Review: Concrete Rose by Angie Thomas

Review: Concrete Rose by Angie Thomas

©Balzer + Bray

The genre: YA

The gist: Prequel to The Hate U Give about Maverick, Starr’s dad, as a seventeen year-old.

The review: Just as good as The Hate U Give 👌

This prequel is the origin story of Maverick, Starr’s dad, and it shows everything he went through to become the outstanding husband and father he is in THUG.

Concrete Rose is about a young Black man who faces obstacle after obstacle but keeps pushing, who makes mistakes but bravely owns up to them. He faces the pressures of gang life, poverty, he struggles to keep up at school when he has heavy responsibilities at home. He often feels hopeless and lost, but he never stops trying to be a good person.

Seventeen-year-old Maverick exemplifies what his future wife Lisa says in THUG: No matter what the world throws at you, “the key is to never stop doing right.”

The wrap-up: Everyone should read Angie Thomas’s books.

The rating: ⭐⭐⭐⭐⭐/5

Roses can bloom in the hardest conditions.

—Angie Thomas Concrete Rose
Audio

This podcast is really good.

Lolita Podcast is super interesting.

It’s about the 1955 novel by Vladimir Nabokov and all the adaptations and pop culture it spawned.

More importantly, it’s about the anti-abuse intention of the novel vs. the patriarchal canon framing it as “a great love story.” It’s about Dolores Haze, the fictional twelve-year-old victim in the novel, vs. the “seductress Lolita” we see in pop culture.

From high fashion campaigns, to countless pop and rock songs, to questionable film and stage adaptations, and so much more, Lolita gets glamorized in Western society without much reference to its horrifying source text. It’s romanticized as a forbidden love story—a sexually mature nymphette and a misunderstood older man against the world.

All this, when the actual novel is about a pedophile grooming, manipulating, kidnapping, and raping an underaged girl.

Hm. Wonder who benefits from making the culture at large view Humbert and Lolita as a love story… Not young girls, that’s for sure.

Hosted by comedian Jamie Loftus, this podcast is extremely well-researched and sensitive to the topic. It’s only 10 episodes, so it’s pretty finish-able.

Listen wherever you listen to podcasts, or check it out at iHeart here.

My trip to the Hemingway House

My trip to the Hemingway House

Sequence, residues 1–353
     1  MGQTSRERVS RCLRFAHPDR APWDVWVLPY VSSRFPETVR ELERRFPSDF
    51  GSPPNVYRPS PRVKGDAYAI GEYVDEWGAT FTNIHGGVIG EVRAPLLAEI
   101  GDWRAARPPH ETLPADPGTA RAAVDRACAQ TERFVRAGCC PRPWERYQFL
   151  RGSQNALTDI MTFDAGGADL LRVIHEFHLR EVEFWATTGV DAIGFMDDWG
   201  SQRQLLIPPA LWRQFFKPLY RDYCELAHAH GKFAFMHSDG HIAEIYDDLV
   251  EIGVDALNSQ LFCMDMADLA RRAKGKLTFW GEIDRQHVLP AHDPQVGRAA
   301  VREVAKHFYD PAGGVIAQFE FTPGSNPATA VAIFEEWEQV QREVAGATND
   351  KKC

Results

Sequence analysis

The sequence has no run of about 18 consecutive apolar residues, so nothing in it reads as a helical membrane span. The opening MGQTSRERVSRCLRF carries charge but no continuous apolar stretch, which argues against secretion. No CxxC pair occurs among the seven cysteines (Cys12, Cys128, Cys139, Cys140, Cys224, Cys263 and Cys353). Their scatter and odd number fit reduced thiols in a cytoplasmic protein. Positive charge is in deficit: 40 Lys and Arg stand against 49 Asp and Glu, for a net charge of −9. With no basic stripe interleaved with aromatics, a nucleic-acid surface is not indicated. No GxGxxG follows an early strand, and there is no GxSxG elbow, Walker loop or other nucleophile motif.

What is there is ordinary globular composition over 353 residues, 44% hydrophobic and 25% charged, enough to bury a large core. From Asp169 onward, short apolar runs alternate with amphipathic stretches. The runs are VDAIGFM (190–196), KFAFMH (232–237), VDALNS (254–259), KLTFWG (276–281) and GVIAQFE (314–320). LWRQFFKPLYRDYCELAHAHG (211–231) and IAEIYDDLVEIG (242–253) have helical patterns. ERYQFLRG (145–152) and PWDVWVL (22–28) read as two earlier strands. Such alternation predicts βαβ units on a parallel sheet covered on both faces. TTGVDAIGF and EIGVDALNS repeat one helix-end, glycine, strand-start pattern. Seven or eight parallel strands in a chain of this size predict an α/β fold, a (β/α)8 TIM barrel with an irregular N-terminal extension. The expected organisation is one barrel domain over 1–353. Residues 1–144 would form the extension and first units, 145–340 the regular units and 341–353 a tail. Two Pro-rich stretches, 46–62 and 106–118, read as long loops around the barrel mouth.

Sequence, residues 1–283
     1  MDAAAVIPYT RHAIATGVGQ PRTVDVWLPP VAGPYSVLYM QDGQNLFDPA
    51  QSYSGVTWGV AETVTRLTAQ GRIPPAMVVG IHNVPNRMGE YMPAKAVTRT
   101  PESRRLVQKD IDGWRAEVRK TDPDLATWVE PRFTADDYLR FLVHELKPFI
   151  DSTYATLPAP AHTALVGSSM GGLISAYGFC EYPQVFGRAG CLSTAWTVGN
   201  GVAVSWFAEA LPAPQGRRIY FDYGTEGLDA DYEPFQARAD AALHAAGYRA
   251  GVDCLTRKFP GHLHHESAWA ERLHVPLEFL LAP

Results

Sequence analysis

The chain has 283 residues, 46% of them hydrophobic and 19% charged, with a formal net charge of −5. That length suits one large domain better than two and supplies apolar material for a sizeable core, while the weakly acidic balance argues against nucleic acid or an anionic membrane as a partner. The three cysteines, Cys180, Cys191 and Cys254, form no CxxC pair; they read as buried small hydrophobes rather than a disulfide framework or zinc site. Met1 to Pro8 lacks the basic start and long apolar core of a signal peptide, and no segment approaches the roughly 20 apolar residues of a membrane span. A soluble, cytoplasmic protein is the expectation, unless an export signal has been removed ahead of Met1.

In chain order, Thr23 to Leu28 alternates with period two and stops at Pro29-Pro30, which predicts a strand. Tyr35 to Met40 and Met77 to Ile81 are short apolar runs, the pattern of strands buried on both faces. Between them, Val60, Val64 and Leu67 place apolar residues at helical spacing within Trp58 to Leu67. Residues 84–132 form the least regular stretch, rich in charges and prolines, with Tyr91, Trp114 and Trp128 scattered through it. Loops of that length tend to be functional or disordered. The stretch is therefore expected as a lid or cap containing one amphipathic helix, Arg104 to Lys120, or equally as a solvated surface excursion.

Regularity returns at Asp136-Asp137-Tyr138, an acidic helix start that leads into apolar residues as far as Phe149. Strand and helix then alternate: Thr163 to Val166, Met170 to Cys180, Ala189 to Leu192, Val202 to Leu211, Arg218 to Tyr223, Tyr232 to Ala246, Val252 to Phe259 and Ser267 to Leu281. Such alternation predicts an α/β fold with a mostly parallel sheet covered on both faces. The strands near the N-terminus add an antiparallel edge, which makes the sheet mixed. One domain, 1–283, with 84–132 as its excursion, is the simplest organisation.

Last month I visited the Hemingway Home and Museum in gorgeous Key West, Florida.

I started in Miami, drove through the Keys over two days, and spent my last two nights in Key West—the whole trip planned around winding up here. The house and property were amazing, and the journey there wasn’t bad either ☀️🌊

There are myriad cool stories and legends associated with this house, like:

Hemingway wrote some of his best received work while living here, including the 1935 non-fiction Green Hills of Africa, and the 1936 short story “The Snows of Kilimanjaro”

The swimming pool on the property cost $20,000 when built in 1938—an equivalent of $330,000 now—and was the first swimming pool in Key West

The ~50 cats that live on the property! About half have thumbs and extra digits, but they all carry the polydactyl gene even if they have the normal amount of toes. Some are allegedly descended from Hemingway’s own polydactyl cat Snow White (or Snowball, some say) given to him by a ship’s captain. (Apparently thumb-cats were preferred as ship’s cats back in the day because they have better balance than regular cats and are better climbers 👍)

The fountain base that used to be a urinal, taken by Hemingway and friends from a nearby bar.

Hemingway allegedly chose the house because it’s across the street from the lighthouse (the tallest structure on the island) so he could more easily find his way home from the bars. I see a theme here.

Hemingway’s writer’s retreat with the actual typewriter he used.

Cool house, cooler history, highly recommend.

Visit the Hemingway Home & Museum site for more info 🐈